When you experience something stressful, your body momentarily goes into “fight-or-flight” mode. Your body calms down after the danger feeling has passed. But the traumatic experiences such as sexual assault can make your nervous system to be stuck in a state of high alert. You become hyper sensitive to the smallest of the stimuli. This is the case for many rape survivors. Flashbacks, nightmares, and intrusive memories are awfully common, especially if the memory of the assault is still new. If your nervous system remains “stuck” in the long-term and you develop post-traumatic stress disorder (PTSD), they can last much longer.
Here is the list of ways you can try to reduce the stress of flashbacks and upsetting memories:
Anticipate and prepare for triggers. Usual triggers include anniversary dates; people or places linked with the rape; and particular sights, sounds, or smells. If the victim is aware of what triggers the upsetting reaction, then they’re in a better position to understand what’s happening and take steps to calm down.
Pay attention to the body’s danger signals. Body and emotions give clues when the victim is starting to feel stressed and unsafe. These clues include feeling tense, holding their breath, racing thoughts, shortness of breath, hot flashes, dizziness, and nausea.
Take urgent steps to self-soothe. When the victim notice any of the symptoms above, it’s vital to promptly act to calm before they spiral out of control. One of the fastest and most real means to calm anxiety and panic is to delay your breathing.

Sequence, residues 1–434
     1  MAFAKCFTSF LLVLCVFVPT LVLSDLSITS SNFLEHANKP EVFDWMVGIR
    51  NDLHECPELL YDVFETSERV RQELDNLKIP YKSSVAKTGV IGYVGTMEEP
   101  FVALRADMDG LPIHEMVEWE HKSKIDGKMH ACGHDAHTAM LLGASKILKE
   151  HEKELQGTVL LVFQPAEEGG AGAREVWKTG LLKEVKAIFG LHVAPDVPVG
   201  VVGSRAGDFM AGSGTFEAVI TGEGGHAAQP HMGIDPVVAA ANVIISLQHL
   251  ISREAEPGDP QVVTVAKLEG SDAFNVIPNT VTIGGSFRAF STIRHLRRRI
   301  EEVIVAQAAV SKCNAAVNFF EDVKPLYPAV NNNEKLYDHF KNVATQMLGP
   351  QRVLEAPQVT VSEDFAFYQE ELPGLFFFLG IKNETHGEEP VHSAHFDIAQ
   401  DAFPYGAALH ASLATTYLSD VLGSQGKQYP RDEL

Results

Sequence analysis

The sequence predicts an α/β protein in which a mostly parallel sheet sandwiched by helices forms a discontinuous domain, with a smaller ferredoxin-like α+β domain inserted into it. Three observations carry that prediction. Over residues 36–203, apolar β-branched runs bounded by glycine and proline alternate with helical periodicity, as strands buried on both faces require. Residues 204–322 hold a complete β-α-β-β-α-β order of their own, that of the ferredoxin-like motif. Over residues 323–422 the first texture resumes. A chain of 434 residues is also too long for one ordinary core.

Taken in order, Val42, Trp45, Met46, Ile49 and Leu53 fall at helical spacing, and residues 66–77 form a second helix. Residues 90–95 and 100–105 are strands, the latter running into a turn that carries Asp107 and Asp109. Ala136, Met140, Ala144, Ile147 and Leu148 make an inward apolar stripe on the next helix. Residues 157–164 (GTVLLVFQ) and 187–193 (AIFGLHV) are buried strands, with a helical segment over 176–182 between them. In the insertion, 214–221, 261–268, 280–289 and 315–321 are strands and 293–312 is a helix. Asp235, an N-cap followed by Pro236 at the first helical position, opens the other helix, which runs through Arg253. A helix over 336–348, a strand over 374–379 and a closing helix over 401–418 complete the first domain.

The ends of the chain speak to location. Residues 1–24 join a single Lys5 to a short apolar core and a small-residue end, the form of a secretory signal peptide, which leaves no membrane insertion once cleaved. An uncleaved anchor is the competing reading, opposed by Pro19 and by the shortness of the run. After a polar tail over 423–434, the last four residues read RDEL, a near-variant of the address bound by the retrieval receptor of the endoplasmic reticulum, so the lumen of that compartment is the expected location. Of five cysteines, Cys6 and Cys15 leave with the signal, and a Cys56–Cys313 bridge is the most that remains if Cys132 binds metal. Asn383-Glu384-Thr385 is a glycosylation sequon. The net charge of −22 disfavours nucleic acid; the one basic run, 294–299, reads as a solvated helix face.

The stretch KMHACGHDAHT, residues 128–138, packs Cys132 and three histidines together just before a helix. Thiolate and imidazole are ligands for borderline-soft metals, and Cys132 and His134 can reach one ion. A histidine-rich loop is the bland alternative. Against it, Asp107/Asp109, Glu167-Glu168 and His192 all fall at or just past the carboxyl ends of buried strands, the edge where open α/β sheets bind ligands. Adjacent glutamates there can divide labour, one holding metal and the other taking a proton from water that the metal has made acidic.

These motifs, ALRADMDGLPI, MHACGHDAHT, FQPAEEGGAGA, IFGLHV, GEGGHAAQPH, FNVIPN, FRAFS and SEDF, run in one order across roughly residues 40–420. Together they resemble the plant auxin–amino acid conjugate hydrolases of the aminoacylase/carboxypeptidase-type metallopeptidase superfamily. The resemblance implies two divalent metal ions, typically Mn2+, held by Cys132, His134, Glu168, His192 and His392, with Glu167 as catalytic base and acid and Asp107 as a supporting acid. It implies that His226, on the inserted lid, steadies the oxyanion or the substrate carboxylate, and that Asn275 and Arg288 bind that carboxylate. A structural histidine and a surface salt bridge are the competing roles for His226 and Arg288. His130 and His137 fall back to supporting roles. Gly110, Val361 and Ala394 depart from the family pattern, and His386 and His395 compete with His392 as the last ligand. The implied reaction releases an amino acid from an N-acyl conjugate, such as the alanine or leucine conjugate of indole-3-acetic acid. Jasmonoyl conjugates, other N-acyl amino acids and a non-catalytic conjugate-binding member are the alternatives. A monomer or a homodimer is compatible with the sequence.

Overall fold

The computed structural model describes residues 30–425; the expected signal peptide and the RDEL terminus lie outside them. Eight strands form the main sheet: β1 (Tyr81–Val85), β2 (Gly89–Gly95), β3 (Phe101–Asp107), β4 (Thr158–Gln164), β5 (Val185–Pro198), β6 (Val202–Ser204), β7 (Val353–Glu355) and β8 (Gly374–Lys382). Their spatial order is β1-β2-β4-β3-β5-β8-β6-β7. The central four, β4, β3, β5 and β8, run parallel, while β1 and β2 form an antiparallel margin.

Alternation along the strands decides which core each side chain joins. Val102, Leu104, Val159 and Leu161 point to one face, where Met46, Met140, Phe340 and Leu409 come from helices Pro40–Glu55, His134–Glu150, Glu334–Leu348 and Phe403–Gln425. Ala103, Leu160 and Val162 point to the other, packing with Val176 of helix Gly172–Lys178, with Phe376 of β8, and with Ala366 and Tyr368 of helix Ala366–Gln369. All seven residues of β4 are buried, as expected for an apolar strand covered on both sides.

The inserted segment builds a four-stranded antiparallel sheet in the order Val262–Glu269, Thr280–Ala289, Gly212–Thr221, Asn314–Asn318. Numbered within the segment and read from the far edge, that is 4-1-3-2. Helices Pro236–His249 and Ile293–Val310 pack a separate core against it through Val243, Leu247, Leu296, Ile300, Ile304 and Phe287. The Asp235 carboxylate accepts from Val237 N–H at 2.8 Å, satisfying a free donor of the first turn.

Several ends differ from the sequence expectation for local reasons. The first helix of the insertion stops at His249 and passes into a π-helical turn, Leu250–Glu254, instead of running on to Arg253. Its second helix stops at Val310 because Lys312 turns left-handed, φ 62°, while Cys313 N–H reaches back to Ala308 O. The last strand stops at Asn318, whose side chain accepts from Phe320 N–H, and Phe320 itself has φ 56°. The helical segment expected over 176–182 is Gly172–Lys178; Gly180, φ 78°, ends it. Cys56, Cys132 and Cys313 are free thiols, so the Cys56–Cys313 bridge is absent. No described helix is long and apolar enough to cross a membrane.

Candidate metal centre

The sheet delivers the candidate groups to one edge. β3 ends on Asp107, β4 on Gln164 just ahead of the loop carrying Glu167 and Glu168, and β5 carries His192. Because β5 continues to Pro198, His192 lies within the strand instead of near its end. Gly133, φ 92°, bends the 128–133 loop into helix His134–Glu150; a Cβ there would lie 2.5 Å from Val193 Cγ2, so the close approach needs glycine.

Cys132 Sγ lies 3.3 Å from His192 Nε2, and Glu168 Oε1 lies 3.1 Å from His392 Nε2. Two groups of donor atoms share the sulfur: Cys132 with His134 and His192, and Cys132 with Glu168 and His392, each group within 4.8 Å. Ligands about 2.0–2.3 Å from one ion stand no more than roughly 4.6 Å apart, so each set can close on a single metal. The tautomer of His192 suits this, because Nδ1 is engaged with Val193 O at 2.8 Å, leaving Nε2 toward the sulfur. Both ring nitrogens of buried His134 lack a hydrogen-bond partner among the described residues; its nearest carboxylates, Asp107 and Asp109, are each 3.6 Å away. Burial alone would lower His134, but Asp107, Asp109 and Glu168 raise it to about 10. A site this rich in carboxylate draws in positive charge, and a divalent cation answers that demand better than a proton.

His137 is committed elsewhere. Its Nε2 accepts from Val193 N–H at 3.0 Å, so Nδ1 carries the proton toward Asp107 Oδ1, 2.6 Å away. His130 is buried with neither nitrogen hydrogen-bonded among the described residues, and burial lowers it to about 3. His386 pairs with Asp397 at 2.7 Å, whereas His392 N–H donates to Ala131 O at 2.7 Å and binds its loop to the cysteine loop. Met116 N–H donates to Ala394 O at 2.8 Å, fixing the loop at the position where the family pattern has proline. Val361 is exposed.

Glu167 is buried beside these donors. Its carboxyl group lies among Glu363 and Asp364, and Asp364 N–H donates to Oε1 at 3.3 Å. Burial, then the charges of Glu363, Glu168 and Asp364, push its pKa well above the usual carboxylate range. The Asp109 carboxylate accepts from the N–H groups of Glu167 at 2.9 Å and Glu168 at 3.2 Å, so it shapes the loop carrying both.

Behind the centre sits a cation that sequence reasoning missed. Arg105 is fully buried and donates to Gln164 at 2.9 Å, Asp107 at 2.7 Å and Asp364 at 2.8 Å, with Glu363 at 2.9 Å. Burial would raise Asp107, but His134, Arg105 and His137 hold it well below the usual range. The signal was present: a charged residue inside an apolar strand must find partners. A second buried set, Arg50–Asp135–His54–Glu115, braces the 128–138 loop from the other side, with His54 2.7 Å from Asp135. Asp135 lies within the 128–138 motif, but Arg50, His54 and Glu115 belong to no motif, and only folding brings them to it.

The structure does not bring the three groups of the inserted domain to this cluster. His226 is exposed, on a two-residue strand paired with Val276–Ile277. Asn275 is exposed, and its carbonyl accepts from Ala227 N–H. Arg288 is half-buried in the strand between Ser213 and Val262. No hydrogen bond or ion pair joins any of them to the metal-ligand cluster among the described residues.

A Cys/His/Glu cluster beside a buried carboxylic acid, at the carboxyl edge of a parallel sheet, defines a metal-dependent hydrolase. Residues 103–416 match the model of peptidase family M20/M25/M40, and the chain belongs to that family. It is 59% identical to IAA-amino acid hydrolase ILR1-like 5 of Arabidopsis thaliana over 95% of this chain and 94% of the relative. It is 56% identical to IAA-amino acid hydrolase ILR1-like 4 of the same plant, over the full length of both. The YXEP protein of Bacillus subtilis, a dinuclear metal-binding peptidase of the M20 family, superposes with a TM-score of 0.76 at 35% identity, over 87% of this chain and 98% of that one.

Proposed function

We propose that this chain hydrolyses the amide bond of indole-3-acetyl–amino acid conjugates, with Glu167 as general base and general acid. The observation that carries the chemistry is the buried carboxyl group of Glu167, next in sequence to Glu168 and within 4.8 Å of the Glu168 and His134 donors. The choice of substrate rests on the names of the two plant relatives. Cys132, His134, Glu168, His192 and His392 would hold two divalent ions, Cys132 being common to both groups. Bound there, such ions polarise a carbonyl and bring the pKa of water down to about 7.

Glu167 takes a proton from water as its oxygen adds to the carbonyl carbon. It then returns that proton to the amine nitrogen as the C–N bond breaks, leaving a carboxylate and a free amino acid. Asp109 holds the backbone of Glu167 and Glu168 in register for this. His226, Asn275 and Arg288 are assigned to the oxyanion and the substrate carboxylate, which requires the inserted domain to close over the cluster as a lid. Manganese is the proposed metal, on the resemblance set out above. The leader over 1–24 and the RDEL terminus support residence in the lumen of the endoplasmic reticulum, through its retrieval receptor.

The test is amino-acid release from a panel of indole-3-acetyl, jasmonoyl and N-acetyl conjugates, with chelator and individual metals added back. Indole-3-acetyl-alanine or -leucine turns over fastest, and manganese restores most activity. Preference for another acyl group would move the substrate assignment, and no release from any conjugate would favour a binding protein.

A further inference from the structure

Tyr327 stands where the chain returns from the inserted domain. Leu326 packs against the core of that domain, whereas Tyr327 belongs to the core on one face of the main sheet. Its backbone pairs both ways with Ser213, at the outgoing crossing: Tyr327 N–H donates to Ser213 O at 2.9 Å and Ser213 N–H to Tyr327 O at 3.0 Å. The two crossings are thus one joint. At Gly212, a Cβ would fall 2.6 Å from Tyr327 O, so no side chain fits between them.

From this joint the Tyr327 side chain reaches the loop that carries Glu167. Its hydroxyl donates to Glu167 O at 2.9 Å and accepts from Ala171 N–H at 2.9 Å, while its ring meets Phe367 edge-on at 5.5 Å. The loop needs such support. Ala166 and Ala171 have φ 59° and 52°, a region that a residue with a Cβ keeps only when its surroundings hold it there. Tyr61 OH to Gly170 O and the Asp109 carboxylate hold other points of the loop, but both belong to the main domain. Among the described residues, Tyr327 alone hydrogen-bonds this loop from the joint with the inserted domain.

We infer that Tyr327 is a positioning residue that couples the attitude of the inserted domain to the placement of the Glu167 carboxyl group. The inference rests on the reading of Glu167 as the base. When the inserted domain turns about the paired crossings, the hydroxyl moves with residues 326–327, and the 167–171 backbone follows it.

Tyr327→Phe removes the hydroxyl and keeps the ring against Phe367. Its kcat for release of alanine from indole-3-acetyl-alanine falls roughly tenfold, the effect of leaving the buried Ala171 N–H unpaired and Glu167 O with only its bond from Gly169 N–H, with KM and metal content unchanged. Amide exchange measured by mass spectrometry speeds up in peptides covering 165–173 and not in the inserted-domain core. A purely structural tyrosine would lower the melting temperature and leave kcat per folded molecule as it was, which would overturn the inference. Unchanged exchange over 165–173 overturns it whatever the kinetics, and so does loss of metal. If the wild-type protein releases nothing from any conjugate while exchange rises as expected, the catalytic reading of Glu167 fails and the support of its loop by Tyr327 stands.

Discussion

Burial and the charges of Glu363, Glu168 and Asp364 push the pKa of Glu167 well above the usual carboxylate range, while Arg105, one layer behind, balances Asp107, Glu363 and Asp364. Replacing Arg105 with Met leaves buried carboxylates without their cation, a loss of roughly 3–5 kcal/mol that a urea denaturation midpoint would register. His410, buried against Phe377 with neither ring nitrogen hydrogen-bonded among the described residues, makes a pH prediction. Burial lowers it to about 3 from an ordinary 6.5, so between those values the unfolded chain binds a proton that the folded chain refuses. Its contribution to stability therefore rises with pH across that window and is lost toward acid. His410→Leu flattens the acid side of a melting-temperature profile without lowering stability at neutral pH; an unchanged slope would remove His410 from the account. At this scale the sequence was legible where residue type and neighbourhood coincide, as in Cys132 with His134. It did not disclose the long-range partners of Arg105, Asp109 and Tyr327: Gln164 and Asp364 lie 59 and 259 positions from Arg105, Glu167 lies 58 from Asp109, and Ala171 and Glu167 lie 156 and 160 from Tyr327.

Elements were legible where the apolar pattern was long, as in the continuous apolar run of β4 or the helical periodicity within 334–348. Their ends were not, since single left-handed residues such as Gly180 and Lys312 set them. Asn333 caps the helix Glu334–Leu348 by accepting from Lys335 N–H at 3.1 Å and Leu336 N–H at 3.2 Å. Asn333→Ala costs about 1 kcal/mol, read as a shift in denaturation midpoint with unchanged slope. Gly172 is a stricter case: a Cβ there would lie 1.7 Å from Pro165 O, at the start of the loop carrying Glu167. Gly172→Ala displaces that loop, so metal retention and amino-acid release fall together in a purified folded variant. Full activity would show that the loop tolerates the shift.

Soothe panic with this easy breathing exercise
- Sit or stand comfortably with your back straight. Put one hand on your chest and the other on your stomach.
- Take a slow breath in through your nose, counting to four. The hand on your stomach should rise. The hand on your chest should move very little.
- Hold your breath for a count of seven.
- Exhale through your mouth to a count of eight, pushing out as much air as you can while contracting your abdominal muscles. The hand on your stomach should move in as you exhale, but your other hand should move very little.
- Inhale again, repeating the cycle until you feel relaxed and centered.
Tips for dealing with flashbacks
It’s not always possible to stop flashbacks. But if the victim discovers that they’re losing touch with the reality and feeling like the sexual assault is happening around again, there are measures they can take.
Encourage them that this is only a flashback, not reality. The traumatic event is over and she survived. Here’s a simple mantra that can help: “I am feeling _________ because I am remembering the sexual assault, but as I look around I can see that the assault is not really happening now and I’m not actually in danger.”
Ground yourself in the present. It can help you direct your attention away from the flashback and back to your present environment. For example, try tapping or touching your arms or describing your actual environment and what you see when look around—name the place where you are, the current date, and 3 things you see when you look around.
>>>> Related: Monitor Triggers to Lessen the Risk of PTSD